So many other sounds are gone mostly without us noticing. Our world is quieter now. The phone makes little noise, no more dialing. The fridge hums. No snow appears on the TV. I can’t remember the last time I heard baseball cards attached to the spokes of bicycle wheels. How about olly olly oxen free? Where did that go?

Where thou art – that – is Home.

June 6, 2016

Yesterday I chose to do little. I took a shower for the sake of cleanliness, but that was it for constructive. Today I go back to the old list and change my bed and do laundry then I’ll need a new list. I’m not all that enthused about doing anything so the new list will be short. Outside might just be the only item. I have chairs to clean and lights to fix, and being outside might make doing work a bit easier.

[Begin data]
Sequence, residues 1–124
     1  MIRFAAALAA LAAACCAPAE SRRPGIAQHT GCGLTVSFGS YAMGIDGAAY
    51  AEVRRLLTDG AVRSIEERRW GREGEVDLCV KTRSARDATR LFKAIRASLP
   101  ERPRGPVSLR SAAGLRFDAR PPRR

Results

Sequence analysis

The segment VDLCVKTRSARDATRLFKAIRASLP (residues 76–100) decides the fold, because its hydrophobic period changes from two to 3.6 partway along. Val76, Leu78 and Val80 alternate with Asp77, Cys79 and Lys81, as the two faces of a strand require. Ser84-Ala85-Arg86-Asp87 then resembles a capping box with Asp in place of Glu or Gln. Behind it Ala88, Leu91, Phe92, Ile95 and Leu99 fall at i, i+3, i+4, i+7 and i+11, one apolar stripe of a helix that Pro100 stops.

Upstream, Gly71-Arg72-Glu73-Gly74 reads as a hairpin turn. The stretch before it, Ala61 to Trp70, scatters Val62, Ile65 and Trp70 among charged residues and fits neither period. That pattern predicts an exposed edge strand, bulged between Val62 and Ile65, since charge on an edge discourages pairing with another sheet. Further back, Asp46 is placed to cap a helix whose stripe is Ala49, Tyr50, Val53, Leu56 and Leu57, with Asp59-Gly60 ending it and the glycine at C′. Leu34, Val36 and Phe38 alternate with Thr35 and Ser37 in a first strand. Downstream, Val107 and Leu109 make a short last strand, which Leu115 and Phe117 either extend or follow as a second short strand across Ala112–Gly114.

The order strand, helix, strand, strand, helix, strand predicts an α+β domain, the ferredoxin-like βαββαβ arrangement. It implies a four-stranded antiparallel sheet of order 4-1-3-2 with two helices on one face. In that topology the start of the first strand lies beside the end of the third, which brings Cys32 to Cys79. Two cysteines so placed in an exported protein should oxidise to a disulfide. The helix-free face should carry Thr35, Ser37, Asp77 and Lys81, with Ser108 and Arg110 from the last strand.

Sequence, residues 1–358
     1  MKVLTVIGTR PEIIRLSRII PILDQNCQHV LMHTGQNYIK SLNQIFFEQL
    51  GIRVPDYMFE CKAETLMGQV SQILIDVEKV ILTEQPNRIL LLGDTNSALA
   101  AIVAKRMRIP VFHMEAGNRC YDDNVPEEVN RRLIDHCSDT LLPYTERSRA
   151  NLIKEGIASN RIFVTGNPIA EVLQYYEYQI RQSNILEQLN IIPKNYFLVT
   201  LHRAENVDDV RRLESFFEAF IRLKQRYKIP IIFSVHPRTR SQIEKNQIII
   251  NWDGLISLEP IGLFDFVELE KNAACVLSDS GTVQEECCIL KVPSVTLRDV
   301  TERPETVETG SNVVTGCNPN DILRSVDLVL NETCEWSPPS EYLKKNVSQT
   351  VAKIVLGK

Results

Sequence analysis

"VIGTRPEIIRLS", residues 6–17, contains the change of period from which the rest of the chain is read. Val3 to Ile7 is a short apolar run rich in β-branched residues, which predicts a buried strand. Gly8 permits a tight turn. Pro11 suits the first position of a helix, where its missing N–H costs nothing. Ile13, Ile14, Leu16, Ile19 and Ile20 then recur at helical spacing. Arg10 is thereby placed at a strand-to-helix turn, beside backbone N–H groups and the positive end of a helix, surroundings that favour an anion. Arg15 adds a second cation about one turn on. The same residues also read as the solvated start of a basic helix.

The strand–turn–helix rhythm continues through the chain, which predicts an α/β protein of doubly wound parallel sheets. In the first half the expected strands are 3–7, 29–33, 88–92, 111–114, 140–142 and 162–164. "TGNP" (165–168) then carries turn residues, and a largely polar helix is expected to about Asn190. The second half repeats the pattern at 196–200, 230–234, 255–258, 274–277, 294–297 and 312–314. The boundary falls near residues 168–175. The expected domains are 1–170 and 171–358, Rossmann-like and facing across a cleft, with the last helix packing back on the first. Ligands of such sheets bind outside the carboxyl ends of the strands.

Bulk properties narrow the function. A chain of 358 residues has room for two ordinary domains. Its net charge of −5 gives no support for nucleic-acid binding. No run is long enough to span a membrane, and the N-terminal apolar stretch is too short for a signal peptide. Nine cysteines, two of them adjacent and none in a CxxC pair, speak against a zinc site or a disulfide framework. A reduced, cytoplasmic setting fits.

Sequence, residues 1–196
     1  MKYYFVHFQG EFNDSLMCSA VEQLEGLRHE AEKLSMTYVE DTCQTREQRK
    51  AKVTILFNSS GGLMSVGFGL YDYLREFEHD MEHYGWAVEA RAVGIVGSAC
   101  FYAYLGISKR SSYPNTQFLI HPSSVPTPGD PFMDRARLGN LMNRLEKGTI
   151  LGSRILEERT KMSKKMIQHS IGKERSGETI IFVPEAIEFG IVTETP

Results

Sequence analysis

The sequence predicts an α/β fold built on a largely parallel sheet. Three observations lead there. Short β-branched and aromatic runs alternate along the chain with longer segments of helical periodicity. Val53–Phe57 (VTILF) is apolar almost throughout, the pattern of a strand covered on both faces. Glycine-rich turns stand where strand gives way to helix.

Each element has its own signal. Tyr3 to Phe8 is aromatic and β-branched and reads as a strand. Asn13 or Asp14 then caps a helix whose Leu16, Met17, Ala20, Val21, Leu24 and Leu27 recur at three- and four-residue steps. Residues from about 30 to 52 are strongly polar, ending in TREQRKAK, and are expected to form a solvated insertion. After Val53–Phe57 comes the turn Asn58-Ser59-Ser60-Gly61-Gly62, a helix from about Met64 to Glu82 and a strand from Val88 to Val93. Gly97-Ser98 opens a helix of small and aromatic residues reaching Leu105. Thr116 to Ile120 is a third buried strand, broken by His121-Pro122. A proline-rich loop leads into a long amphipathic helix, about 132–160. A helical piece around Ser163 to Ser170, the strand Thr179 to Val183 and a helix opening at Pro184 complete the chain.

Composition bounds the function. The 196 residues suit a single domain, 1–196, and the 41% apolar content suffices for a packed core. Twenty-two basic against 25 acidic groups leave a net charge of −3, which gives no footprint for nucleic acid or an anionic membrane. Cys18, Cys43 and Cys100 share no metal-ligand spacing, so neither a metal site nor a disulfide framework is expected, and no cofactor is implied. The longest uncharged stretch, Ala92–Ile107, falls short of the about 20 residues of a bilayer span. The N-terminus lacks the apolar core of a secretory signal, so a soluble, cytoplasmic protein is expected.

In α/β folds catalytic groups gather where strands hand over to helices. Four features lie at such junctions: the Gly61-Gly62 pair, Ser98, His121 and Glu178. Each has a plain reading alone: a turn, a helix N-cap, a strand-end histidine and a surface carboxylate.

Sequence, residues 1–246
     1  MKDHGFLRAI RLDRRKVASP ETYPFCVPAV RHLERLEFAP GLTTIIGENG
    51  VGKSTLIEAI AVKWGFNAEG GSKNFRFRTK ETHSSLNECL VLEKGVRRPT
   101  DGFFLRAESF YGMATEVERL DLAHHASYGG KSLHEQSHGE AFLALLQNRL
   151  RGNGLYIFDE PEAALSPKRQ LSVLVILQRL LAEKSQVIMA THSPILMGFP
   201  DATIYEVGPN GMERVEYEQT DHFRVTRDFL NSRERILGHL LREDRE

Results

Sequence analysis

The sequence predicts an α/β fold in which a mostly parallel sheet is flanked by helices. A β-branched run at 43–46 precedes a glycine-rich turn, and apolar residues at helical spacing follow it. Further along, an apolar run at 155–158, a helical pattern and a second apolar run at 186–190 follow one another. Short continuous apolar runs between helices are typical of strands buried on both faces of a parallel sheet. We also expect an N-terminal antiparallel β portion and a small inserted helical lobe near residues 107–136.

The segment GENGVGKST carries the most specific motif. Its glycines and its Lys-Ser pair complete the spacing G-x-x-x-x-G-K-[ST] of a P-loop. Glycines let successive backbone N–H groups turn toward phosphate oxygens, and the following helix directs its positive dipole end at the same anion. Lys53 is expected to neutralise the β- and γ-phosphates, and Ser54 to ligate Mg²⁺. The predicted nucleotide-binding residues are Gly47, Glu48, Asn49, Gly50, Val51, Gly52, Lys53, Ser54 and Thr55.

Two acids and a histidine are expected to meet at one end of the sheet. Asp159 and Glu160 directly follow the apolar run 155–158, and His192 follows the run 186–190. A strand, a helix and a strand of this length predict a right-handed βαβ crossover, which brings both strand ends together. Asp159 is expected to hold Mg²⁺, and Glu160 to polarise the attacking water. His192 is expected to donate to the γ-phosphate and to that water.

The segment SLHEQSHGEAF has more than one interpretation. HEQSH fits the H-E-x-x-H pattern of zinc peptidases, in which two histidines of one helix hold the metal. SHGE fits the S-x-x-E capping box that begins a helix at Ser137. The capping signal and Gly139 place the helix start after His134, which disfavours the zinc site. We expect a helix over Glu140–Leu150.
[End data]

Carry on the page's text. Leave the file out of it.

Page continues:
It’s noisy right now. I hear hammering and wood being piled. I suppose in the scheme of things they aren’t very loud, but this is generally a quiet place. Dogs do bark and kids do yell but that’s it. The bird songs tend to be the loudest.

Usually all three animals are here with me when taking their morning naps. The only one here now is Maddie and she is roaming. Fern is in the living room and Gracie is in her crate. I can hear her snoring. If I move around, Gracie sticks her head out to see where I’m going. She’ll follow me if it looks interesting enough. Gracie is never far from where I am.